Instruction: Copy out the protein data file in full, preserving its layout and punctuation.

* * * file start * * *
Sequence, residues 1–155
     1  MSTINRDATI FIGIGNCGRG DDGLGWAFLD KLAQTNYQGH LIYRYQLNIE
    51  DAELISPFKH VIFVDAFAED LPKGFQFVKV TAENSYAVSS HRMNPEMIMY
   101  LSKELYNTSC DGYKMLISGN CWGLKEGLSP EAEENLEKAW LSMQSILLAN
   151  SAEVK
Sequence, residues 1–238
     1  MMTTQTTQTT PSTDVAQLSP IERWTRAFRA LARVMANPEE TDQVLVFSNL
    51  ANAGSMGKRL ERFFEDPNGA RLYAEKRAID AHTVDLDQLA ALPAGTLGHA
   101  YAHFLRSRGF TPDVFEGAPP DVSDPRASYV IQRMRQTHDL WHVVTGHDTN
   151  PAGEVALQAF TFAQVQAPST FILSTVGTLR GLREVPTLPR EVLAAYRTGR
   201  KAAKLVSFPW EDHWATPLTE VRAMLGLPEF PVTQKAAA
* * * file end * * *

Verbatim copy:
Sequence, residues 1–155
     1  MSTINRDATI FIGIGNCGRG DDGLGWAFLD KLAQTNYQGH LIYRYQLNIE
    51  DAELISPFKH VIFVDAFAED LPKGFQFVKV TAENSYAVSS HRMNPEMIMY
   101  LSKELYNTSC DGYKMLISGN CWGLKEGLSP EAEENLEKAW LSMQSILLAN
   151  SAEVK
Sequence, residues 1–238
     1  MMTTQTTQTT PSTDVAQLSP IERWTRAFRA LARVMANPEE TDQVLVFSNL
    51  ANAGSMGKRL ERFFEDPNGA RLYAEKRAID AHTVDLDQLA ALPAGTLGHA
   101  YAHFLRSRGF TPDVFEGAPP DVSDPRASYV IQRMRQTHDL WHVVTGHDTN
   151  PAGEVALQAF TFAQVQAPST FILSTVGTLR GLREVPTLPR EVLAAYRTGR
   201  KAAKLVSFPW EDHWATPLTE VRAMLGLPEF PVTQKAAA